European Stocks Post First Weekly Drop in Six; Petroplus Leads Declines
Monday, 30 January 2012 | 00:00
European stocks declined for the first week in six after a report showed the U.S. economy grew slower that forecast in the fourth quarter and talks continued between Greece and its creditors for a debt-swap deal.
Petroplus Holdings AG plunged the most ever after filing for insolvency. Royal KPN NV, the biggest Dutch telephone company, dropped 6 percent after predicting a decrease in 2012 profit and cash flow. Greek banks jumped on reports that debt- reduction talks have made progress, with EFG Eurobank (EUROB) Ergasias SA surging 79 percent.
The benchmark Stoxx Europe 600 Index fell 0.2 percent this week. The gauge rallied 20 percent from its most-recent low on Sept. 22 through Jan. 26, satisfying the typical definition of a bull market by analysts. Stocks rebounded as the U.S. economy maintained its recovery and speculation grew that the euro area will contain the sovereign-debt crisis.
“The slightly disappointing data from America reminds investors that being overly bullish in the current environment may not be justified,” said Luis Benguerel, trader at Interbrokers Espanola in Barcelona. “We also have the ongoing Greek debt negotiations and it’s key that a solution in that sense is announced soon.”
The U.S. economy expanded less than forecast in the fourth quarter as consumers curbed spending and government agencies cut back, validating the Federal Reserve’s decision to keep interest rates low for a longer period.
U.S. Gross domestic product, the value of all goods and services produced, climbed at a 2.8 percent annual pace following a 1.8 percent gain in the prior quarter, Commerce Department figures showed in Washington. The median forecast of 79 economists surveyed by Bloomberg News called for a 3 percent increase. Growth excluding a jump in inventories was 0.8 percent.
“After a rapid rise of the equity market in the past month, the market is certainly reassessing the perceived strength in the economic recovery due to the weaker than expected GDP number,” said Daniel Weston, a portfolio adviser at Schroeder Equities GmbH in Munich.
National benchmark indexes rose in 12 of the 18 western European markets. France’s CAC 40 lost less than 0.1 percent, the U.K.’s FTSE 100 increased less than 0.1 percent and Germany’s DAX Index advanced 1.7 percent. Greece’s ASE rallied 5.3 percent.
Greek Debt Burden
Greece must repay 14.5 billion euros ($19 billion) of bonds maturing in March and the International Monetary Fund is demanding a deal with investors in exchange for aid.
Greek Prime Minister Lucas Papademos and Charles Dallara, managing director of the Institute of International Finance, representing private creditors, resumed their negotiations this week to reduce the country’s borrowings. The talks came three months after private bondholders agreed to a 50 percent cut to the face value of more than 200 billion euros of debt by voluntarily swapping bonds for new securities.
European Union finance ministers, meeting in Brussels, failed to reach an agreement on Greek debt-swap, driving stocks down from a five-month high early this week. The balked at putting up more taxpayer money for Greece and called for private bondholders to provide greater relief.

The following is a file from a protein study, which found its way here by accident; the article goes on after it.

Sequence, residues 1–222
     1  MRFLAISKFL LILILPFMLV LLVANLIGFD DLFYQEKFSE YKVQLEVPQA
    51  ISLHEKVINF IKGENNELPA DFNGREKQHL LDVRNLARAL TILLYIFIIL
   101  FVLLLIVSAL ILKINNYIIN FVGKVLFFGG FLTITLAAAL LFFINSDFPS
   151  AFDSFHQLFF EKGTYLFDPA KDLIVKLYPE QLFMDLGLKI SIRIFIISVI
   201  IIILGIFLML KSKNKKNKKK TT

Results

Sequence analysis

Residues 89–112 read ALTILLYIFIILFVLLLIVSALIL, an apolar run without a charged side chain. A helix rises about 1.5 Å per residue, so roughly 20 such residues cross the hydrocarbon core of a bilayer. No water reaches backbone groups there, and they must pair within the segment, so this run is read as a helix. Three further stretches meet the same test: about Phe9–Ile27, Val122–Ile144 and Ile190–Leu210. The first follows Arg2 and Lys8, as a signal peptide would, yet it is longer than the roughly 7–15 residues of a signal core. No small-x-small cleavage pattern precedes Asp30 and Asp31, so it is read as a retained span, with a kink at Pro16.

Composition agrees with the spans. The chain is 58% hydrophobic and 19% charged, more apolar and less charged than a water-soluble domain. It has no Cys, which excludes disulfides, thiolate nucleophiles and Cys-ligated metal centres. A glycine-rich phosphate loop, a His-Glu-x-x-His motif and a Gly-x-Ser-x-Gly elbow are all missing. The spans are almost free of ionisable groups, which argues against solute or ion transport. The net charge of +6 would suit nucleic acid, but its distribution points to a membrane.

Private creditors will submit a new offer with an average interest rate of 3.75 percent on bonds issued as part of a debt restructuring, Kathimerini reported, without saying where it got the information. IIF’s Dallara was going to make the proposal in his talks with Greek officials, the newspaper said.
Meanwhile, European Union Economic and Monetary Affairs Commissioner Olli Rehn said Greece’s government will probably reach an agreement on a debt swap with its private creditors this month.
In the U.S., the Fed said it sees the “exceptionally low” interest rates to continue through 2014, having earlier pledged to refrain from raising borrowing costs until at least the middle of 2013.
U.S. policy makers are “prepared to provide further monetary accommodation if employment is not making sufficient progress towards our assessment of its maximum level, or if inflation shows signs of moving further below its mandate- consistent rate,” Fed Chairman Ben S. Bernanke said. Bond buying is “an option that’s certainly on the table,” he added.
Petroplus (PPHN) sank 83 percent, its biggest decline and the lowest price since it issued shares to the public in November 2006. The company said it plans to file for insolvency in Switzerland and other jurisdictions. The Swiss refiner had about $1 billion in credit lines suspended last month, preventing it from supplying its refineries with crude.
Royal KPN NV, the biggest Dutch telephone company, dropped 6 percent. The company said 2012 profit and cash flow will be lower. Royal KPN reported fourth-quarter earnings before interest, taxes, depreciation, and amortization of 1.32 billion euros, compared with the average analyst estimate of 1.36 billion euros. The company also said there will be no share buyback in 2012.
STMicroelectronics NV slid 3.8 percent as Europe’s largest semiconductor maker predicted that first- quarter revenue will fall as much as 10 percent from the previous three months because of lower sales at its wireless business.
Ericsson AB, the world’s largest maker of wireless networks, fell 12 percent after reporting fourth-quarter net income that missed analysts’ estimates.
Eurobank rallied 79 percent, while National Bank of Greece SA jumped 23 percent.
Outokumpu Oyj, Finland’s biggest stainless-steel maker, rose 14 percent. ThyssenKrupp AG said it’s in talks to merge its Inoxum stainless steel unit with Outokumpu. All options for the unit are still open, including an initial public offering, spinoff and a sale to an investor, ThyssenKrupp said.